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Limited and contradictory evidence exists about transmission of COVID-19 particularly with reference to airborne transmission via aerosols, with most authorities believing it to be rare. Others point to growing scientific theoretical and experimental evidence, and circumstantial evidence suggesting airborne spread, and believe the precautionary principle – an approach to issues with “potential for causing harm when extensive scientific knowledge on the matter is lacking” should apply when considering PPE recommendations for health care workers (HCW).
 
Airborne transmission may be possible in circumstances where procedures that generate aerosols are performed.

Aerosol generating procedures (AGPs, see Table 1 in Section 3) include endotracheal intubation, bronchoscopy, open suctioning, administration of nebulized treatment, non-invasive ventilation, manual bag-mask ventilation, turning the patient to the prone position, disconnecting the patient from the ventilator, tracheostomy, insertion of intercostal catheter and cardiopulmonary resuscitation.
 
The additional possibility of exhaled aerosols transmitted over a short-range by an infectious individual during normal talking or coughing, particularly in crowded and inadequately ventilated spaces over a prolonged period of time, is theoretically plausible and some outbreak reports related to indoor crowded spaces have suggested the possibility of aerosol transmission combined with droplet transmission.

There are several documented occurrences in which SARS-CoV-2 appears to have been transmitted over long distances or times. These transmission events appear uncommon and have typically involved the presence of an infectious person producing respiratory droplets for an extended time (>30 minutes to multiple hours) in an enclosed space with inadequate ventilation. However, it is currently believed that most infections are spread through close contact and that airborne transmission is not the primary route of transmission. The risk of infection is known to be much lower outside where ventilation is better.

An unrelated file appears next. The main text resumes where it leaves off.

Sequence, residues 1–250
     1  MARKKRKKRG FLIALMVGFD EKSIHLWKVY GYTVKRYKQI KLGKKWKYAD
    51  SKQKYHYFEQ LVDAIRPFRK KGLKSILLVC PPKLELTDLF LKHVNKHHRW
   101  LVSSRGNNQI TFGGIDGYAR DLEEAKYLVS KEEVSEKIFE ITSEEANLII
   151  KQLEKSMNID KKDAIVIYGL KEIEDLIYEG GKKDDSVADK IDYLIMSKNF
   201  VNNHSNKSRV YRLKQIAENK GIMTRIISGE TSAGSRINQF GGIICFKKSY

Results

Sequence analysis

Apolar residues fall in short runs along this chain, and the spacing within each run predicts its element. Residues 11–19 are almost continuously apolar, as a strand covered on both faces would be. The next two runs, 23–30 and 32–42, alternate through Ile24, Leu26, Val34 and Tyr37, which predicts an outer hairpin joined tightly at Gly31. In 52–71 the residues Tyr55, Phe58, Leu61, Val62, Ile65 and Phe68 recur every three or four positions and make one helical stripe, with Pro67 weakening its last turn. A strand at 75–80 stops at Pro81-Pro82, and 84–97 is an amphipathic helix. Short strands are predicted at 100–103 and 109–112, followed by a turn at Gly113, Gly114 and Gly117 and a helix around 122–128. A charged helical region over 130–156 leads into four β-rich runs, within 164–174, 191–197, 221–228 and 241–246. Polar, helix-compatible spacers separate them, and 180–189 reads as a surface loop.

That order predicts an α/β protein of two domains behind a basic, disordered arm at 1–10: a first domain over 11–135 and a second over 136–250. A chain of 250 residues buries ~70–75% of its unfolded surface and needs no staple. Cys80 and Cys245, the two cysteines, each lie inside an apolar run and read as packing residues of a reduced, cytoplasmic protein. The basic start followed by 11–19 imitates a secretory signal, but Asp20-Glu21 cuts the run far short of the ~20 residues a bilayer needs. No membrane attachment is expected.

There have been no reports of faecal−oral transmission, urine, bloodborne or intrauterine transmission of the COVID-19 virus to date. Further studies are needed to determine whether it is possible to detect COVID-19 virus in air samples from patient rooms where no procedures or support treatments that generate aerosols are ongoing.
 
Coronaviruses can survive on surfaces for many hours but are readily inactivated by cleaning and disinfection.

  • Window for Transmission
  • Face Masks
  • General measures to limit COVID-19 transmission in the workplace
  • Infection control and prevention
  • PPE recommendations for Emergency Departments
  • PPE in specific clinical situations
  • General recommendations
  • Rational use of PPE in high-risk zones
  • Alignment with regional guidance
  • References
  • Resources
  • Section disclaimer

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